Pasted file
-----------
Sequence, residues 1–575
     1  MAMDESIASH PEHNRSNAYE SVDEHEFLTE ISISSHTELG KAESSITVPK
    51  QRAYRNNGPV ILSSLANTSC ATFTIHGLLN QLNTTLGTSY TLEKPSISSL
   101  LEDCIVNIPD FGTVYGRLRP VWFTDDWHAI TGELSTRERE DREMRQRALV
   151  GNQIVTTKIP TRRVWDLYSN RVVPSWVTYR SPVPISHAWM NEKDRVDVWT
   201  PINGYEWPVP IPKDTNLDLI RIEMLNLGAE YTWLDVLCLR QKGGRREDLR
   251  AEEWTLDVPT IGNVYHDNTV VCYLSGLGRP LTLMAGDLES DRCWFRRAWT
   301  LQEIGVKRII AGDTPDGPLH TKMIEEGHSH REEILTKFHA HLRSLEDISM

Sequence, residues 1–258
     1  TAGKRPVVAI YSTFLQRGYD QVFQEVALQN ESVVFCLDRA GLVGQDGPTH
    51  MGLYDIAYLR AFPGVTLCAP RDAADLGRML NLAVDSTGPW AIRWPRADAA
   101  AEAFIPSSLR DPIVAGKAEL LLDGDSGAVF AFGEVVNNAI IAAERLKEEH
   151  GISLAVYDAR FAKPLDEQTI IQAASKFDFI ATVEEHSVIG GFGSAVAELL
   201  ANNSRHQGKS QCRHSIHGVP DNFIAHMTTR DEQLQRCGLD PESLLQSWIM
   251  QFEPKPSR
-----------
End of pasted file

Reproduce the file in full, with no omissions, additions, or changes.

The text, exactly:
Sequence, residues 1–575
     1  MAMDESIASH PEHNRSNAYE SVDEHEFLTE ISISSHTELG KAESSITVPK
    51  QRAYRNNGPV ILSSLANTSC ATFTIHGLLN QLNTTLGTSY TLEKPSISSL
   101  LEDCIVNIPD FGTVYGRLRP VWFTDDWHAI TGELSTRERE DREMRQRALV
   151  GNQIVTTKIP TRRVWDLYSN RVVPSWVTYR SPVPISHAWM NEKDRVDVWT
   201  PINGYEWPVP IPKDTNLDLI RIEMLNLGAE YTWLDVLCLR QKGGRREDLR
   251  AEEWTLDVPT IGNVYHDNTV VCYLSGLGRP LTLMAGDLES DRCWFRRAWT
   301  LQEIGVKRII AGDTPDGPLH TKMIEEGHSH REEILTKFHA HLRSLEDISM

Sequence, residues 1–258
     1  TAGKRPVVAI YSTFLQRGYD QVFQEVALQN ESVVFCLDRA GLVGQDGPTH
    51  MGLYDIAYLR AFPGVTLCAP RDAADLGRML NLAVDSTGPW AIRWPRADAA
   101  AEAFIPSSLR DPIVAGKAEL LLDGDSGAVF AFGEVVNNAI IAAERLKEEH
   151  GISLAVYDAR FAKPLDEQTI IQAASKFDFI ATVEEHSVIG GFGSAVAELL
   201  ANNSRHQGKS QCRHSIHGVP DNFIAHMTTR DEQLQRCGLD PESLLQSWIM
   251  QFEPKPSR